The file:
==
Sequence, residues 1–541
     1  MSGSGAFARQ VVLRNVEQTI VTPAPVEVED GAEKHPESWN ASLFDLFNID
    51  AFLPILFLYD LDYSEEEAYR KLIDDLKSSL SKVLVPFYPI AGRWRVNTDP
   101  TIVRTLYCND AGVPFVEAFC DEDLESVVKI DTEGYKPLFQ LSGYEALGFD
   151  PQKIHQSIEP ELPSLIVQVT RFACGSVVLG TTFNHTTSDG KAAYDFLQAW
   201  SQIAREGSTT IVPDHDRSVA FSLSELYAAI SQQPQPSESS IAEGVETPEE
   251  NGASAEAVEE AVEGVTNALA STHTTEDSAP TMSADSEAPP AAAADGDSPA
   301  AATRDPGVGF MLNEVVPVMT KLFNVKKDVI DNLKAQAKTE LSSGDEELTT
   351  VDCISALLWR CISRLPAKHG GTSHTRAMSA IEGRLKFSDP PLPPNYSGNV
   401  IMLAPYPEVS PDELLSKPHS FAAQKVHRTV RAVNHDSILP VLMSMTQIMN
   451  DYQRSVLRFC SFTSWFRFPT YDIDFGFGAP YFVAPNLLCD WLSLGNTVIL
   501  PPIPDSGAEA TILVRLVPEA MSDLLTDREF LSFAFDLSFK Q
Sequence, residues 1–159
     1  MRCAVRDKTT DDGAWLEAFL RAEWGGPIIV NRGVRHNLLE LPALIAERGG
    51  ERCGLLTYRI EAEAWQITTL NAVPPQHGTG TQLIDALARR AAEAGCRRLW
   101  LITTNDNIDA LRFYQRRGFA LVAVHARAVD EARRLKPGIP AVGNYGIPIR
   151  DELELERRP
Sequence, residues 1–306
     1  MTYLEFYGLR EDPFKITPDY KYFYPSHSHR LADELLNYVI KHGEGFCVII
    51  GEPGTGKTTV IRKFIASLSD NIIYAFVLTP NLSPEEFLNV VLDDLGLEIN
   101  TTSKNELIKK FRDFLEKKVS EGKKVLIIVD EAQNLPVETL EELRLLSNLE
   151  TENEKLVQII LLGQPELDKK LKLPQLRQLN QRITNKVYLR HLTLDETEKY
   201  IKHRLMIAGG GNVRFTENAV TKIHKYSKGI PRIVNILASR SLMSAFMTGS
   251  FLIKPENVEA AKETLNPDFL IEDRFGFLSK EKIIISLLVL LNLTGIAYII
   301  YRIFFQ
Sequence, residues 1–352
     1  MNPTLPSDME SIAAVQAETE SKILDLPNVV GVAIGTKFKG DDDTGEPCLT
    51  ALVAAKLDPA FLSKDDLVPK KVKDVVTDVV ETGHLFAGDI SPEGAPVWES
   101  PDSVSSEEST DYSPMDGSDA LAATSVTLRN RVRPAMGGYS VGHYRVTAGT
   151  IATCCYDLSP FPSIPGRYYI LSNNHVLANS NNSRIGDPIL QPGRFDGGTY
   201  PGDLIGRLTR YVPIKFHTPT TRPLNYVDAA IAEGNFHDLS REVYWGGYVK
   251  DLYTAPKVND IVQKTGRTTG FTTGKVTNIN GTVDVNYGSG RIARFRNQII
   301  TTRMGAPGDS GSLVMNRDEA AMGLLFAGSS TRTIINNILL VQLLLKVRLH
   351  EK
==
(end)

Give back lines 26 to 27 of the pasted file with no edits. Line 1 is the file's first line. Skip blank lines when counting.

Sequence, residues 1–352
     1  MNPTLPSDME SIAAVQAETE SKILDLPNVV GVAIGTKFKG DDDTGEPCLT